design patterns in ruby: any good?

Discussion in 'Ruby' started by Giles Bowkett, Jan 8, 2008.

  1. Giles Bowkett, Jan 8, 2008
    #1
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  2. Giles Bowkett

    pat eyler Guest

    On Jan 8, 2008 9:46 AM, Giles Bowkett <> wrote:
    > Has anybody read it? Does it come recommendafied? I still haven't
    > found a great tech bookstore in Los Angeles so I haven't browsed it.
    >


    I liked it. If you'd like the overview, I reviewed it here:

    http://on-ruby.blogspot.com/2007/12/design-patterns-in-ruby-review.html


    > --
    > Giles Bowkett
    >
    > Podcast: http://hollywoodgrit.blogspot.com
    > Blog: http://gilesbowkett.blogspot.com
    > Portfolio: http://www.gilesgoatboy.org
    > Tumblelog: http://giles.tumblr.com
    >
    >




    --
    thanks,
    -pate
    -------------------------
    Duty makes us do things, Love make us do things well.
    http://on-ruby.blogspot.com http://on-erlang.blogspot.com
    http://on-soccer.blogspot.com
     
    pat eyler, Jan 8, 2008
    #2
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  3. Giles Bowkett

    Guest

    , Jan 8, 2008
    #3
  4. > > Has anybody read it? Does it come recommendafied? I still haven't
    > > found a great tech bookstore in Los Angeles so I haven't browsed it.

    >
    > I liked it. If you'd like the overview, I reviewed it here:
    >
    > http://on-ruby.blogspot.com/2007/12/design-patterns-in-ruby-review.html


    Excellent review! Gives me an idea for a good blog post, too -
    patterns and idioms in the Rails source.

    --
    Giles Bowkett

    Podcast: http://hollywoodgrit.blogspot.com
    Blog: http://gilesbowkett.blogspot.com
    Portfolio: http://www.gilesgoatboy.org
    Tumblelog: http://giles.tumblr.com
     
    Giles Bowkett, Jan 8, 2008
    #4
  5. Giles Bowkett

    Jake Cutter Guest

    On Jan 8, 2008 1:26 PM, Giles Bowkett <> wrote:
    > > > Has anybody read it? Does it come recommendafied? I still haven't
    > > > found a great tech bookstore in Los Angeles so I haven't browsed it.

    > >
    > > I liked it. If you'd like the overview, I reviewed it here:
    > >
    > > http://on-ruby.blogspot.com/2007/12/design-patterns-in-ruby-review.html

    >
    > Excellent review! Gives me an idea for a good blog post, too -
    > patterns and idioms in the Rails source.


    Nice review, but coverage of the GoF patterns? But I've read so many
    otherwise intelligent folks say that the GoF patterns were created to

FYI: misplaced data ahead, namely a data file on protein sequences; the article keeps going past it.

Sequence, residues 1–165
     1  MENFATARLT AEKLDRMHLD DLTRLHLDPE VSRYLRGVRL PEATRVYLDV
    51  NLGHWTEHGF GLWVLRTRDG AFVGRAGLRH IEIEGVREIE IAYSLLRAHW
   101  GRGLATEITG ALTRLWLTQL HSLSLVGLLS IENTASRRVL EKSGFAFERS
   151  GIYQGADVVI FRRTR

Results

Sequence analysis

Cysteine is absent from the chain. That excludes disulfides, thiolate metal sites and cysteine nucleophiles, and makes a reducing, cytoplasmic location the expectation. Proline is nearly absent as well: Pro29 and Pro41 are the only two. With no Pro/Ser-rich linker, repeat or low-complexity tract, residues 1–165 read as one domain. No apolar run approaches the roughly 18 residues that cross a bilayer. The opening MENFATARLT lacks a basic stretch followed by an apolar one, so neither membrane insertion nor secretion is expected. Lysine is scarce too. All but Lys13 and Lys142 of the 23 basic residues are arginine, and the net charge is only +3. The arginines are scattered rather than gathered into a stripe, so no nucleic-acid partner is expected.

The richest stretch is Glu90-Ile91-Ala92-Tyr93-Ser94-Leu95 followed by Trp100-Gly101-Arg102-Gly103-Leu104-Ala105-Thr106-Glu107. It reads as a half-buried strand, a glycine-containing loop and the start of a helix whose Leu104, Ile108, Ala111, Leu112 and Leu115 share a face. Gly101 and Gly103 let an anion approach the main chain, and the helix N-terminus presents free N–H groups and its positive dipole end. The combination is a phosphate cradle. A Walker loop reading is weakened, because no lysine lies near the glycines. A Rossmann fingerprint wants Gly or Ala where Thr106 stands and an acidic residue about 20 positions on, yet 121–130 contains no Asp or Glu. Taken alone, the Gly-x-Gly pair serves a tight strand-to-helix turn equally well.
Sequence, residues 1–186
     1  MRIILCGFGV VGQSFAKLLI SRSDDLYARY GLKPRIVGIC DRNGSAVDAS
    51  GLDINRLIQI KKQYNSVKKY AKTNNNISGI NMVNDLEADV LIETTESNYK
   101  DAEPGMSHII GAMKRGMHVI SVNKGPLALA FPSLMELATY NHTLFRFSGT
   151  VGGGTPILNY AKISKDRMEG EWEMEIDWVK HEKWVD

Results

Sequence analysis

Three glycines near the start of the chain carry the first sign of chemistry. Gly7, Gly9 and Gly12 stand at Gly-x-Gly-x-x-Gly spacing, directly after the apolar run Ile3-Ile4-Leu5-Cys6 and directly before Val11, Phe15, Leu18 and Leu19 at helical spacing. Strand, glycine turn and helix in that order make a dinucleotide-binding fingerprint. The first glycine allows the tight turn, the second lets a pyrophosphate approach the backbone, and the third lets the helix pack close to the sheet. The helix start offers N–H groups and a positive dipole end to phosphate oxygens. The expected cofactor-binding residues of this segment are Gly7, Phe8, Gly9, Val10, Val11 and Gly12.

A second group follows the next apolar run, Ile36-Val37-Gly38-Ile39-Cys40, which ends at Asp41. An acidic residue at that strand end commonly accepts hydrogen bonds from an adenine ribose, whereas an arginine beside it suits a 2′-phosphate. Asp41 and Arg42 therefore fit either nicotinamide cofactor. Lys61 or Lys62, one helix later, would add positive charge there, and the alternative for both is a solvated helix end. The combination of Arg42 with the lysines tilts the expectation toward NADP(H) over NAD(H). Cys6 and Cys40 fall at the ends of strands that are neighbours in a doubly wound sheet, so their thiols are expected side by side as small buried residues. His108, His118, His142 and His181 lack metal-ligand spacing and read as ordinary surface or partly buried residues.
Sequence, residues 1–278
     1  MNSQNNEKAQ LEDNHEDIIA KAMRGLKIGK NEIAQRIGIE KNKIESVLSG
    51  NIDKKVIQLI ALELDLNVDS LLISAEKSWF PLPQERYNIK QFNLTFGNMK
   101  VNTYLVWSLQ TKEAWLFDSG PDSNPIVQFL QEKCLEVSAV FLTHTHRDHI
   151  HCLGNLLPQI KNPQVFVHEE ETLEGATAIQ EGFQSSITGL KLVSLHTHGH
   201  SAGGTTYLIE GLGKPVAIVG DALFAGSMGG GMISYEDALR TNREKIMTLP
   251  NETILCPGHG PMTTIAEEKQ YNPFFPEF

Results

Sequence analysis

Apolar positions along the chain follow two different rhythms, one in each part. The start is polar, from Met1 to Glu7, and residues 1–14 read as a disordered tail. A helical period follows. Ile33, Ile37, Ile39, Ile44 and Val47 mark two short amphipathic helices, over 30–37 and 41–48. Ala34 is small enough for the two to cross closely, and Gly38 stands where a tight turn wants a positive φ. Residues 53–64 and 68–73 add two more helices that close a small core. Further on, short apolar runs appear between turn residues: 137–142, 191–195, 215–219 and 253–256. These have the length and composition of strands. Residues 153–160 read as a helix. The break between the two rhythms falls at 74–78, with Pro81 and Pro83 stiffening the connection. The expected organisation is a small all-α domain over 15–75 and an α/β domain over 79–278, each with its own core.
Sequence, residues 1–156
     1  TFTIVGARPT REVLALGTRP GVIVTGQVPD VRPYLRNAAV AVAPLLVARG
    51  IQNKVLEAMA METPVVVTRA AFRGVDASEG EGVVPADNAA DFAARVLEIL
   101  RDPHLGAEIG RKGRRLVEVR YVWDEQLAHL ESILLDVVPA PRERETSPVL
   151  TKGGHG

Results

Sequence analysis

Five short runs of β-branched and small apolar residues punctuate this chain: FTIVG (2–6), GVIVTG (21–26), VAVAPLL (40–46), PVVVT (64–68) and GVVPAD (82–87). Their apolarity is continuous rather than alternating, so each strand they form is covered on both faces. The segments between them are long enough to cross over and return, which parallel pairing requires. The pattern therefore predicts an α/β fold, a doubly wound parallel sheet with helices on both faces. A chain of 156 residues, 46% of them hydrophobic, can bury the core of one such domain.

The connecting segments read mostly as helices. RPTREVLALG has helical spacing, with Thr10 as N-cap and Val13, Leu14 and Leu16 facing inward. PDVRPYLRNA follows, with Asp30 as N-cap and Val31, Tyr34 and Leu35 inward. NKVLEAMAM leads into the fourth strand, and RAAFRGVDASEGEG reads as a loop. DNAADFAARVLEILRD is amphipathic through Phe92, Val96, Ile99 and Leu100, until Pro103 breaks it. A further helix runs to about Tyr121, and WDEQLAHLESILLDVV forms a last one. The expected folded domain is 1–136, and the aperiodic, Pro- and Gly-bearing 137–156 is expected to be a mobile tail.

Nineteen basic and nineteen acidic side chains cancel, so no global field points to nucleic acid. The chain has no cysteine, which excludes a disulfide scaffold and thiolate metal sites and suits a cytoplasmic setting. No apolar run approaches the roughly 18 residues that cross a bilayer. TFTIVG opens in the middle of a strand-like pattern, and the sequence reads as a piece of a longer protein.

address the limitations of less flexible languages, and that there's
    no need for them in a language as powerful as Ruby...

    What gives?

    Jake
     
    Jake Cutter, Jan 8, 2008
    #5
  6. Giles Bowkett

    Jake Cutter Guest

    On Jan 8, 2008 1:26 PM, Giles Bowkett <> wrote:
    > > > Has anybody read it? Does it come recommendafied? I still haven't
    > > > found a great tech bookstore in Los Angeles so I haven't browsed it.

    > >
    > > I liked it. If you'd like the overview, I reviewed it here:
    > >
    > > http://on-ruby.blogspot.com/2007/12/design-patterns-in-ruby-review.html

    >
    > Excellent review! Gives me an idea for a good blog post, too -
    > patterns and idioms in the Rails source.


    Nice review, but coverage of the GoF patterns? But I've read so many
    otherwise intelligent folks say that the GoF patterns were created to
    address the limitations of less flexible languages, and that there's
    no need for them in a language as powerful as Ruby...

    What gives?

    Jake
     
    Jake Cutter, Jan 8, 2008
    #6
  7. > Nice review, but coverage of the GoF patterns? But I've read so many
    > otherwise intelligent folks say that the GoF patterns were created to
    > address the limitations of less flexible languages, and that there's
    > no need for them in a language as powerful as Ruby...
    >
    > What gives?


    I was wondering about that myself. I think the Singleton pattern gets
    used a lot in Ruby, though. Definitely a question worth asking.

    --
    Giles Bowkett

    Podcast: http://hollywoodgrit.blogspot.com
    Blog: http://gilesbowkett.blogspot.com
    Portfolio: http://www.gilesgoatboy.org
    Tumblelog: http://giles.tumblr.com
     
    Giles Bowkett, Jan 8, 2008
    #7
  8. Giles Bowkett

    James Gray Guest

    On Jan 8, 2008, at 2:03 PM, Giles Bowkett wrote:

    >> Nice review, but coverage of the GoF patterns? But I've read so many
    >> otherwise intelligent folks say that the GoF patterns were created to
    >> address the limitations of less flexible languages, and that there's
    >> no need for them in a language as powerful as Ruby...
    >>
    >> What gives?

    >
    > I was wondering about that myself.


    Ruby isn't immune to design patterns.

    Some patterns are very trivial in Ruby (Visitor is basically just a
    method that takes a block), and some others don't make as much sense
    in Ruby (Factory isn't nearly as important with classes being objects
    themselves). Ruby also inspires some new patterns, I believe. The
    ideas that led to the design patterns and many of the patterns still
    apply to Ruby in some fashion though.

    James Edward Gray II
     
    James Gray, Jan 8, 2008
    #8
  9. On Jan 8, 2008 8:08 PM, Jake Cutter <> wrote:
    >
    > Nice review, but coverage of the GoF patterns? But I've read so many
    > otherwise intelligent folks say that the GoF patterns were created to
    > address the limitations of less flexible languages, and that there's
    > no need for them in a language as powerful as Ruby...
    >
    > What gives?
    >


    IMO, patterns give you a common vocabulary to speak with other
    developers and a way to refactor existing code.
    Raganwald wrote a good blog entry about it
    http://weblog.raganwald.com/2008/01/problem-with-problem-with-design.html
     
    Thomas Wieczorek, Jan 8, 2008
    #9
  10. Michael Brooks, Jan 9, 2008
    #10
  11. > Hello Giles:
    >
    > You may also find this Scribd document interesting:
    >
    > http://www.scribd.com/doc/396559/gof-patterns-in-ruby


    Gracias! It was useful actually -- I forgot about Singleton being in
    the std lib.

    Pat's review says the book covers only 14 of the GoF's original 23
    patterns, I think that's the explanation for the disparity between
    "Ruby makes design patterns useless!" vs. "design patterns can be
    useful in Ruby." Presumably the missing 9 are considered either not
    necessary, or just less interesting, in Ruby.

    --
    Giles Bowkett

    Podcast: http://hollywoodgrit.blogspot.com
    Blog: http://gilesbowkett.blogspot.com
    Portfolio: http://www.gilesgoatboy.org
    Tumblelog: http://giles.tumblr.com
     
    Giles Bowkett, Jan 9, 2008